Twenty-five years on, Jonathan Coe has written a fascinating sequel to his satire of the nineteen-eighties. Number 11 [London: Viking, 2015] in which he now sends up the early years of this century. Coe is a talented novelist with a gift for pointing up the absurdity and selfishness of a certain type of person; in simple terms the haves, at the expense of the have nots. He is also a master of his craft as a novelist.
The novel begins and (almost) ends with Rachel visiting her grandparents’ house in Beverley. The events in between interweave Rachel and her friends and acquaintances as they encounter and usually come off worst against the next generation of the Winshaw family and its hangers-on. It has to be the next generation since Coe killed off all of the previous generation in one gory night back in 1991. However, their spirit lives on.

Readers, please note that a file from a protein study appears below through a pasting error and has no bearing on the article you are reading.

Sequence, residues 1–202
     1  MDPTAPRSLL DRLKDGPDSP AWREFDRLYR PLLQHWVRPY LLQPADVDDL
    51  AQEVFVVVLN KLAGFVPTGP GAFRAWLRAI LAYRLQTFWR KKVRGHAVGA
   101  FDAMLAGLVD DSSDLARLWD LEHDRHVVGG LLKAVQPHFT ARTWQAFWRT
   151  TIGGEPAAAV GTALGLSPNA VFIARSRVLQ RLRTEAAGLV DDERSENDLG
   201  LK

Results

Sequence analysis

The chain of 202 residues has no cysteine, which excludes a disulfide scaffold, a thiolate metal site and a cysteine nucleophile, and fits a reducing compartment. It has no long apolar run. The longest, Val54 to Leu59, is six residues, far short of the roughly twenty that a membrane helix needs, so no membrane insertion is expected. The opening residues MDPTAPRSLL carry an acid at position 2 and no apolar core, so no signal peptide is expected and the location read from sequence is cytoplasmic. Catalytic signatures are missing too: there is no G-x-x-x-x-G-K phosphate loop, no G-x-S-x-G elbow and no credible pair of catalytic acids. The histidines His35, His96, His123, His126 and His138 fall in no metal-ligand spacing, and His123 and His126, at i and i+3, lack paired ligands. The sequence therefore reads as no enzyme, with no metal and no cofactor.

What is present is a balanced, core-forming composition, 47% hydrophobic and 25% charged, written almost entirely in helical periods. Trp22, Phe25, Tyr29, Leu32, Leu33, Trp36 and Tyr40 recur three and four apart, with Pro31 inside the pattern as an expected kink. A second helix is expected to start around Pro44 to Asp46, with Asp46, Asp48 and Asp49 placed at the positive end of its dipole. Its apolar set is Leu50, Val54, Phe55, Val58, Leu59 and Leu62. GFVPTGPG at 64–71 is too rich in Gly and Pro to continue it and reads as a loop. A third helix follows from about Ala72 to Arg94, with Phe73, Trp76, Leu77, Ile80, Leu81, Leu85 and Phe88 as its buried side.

Coe’s political heart is on the left, further left than some but with a tolerance for those to the right of him. Whereas What a Carve Up! is an out-and-out rollicking satire that provides great and often very funny entertainment, this apparent successor novel, written a quarter of a century later by a more mature author, has greater depth and subtlety. The five different set pieces portray various aspects of austerity Britain and give the lie to the humbug that we are all in this together. To the extent that time travel is not yet possible, Osborne may be right; but that we are all sharing a proportionate amount of the burden was never less true. Having got that off my own chest, and not being able to reveal too much (my one rule of these reviews) I suggest that one ought to re-read What a Carve Up! and then tackle Number 11 which was nearly subtitled What a Whopper!. Both that fairly forgettable film and this new novel end with a big surprise. Coe’s surprise lifts the book even further in my estimation and puts it in contention for the next Man Booker, if it is time for a humorous novel to win again; which doesn’t happen often enough.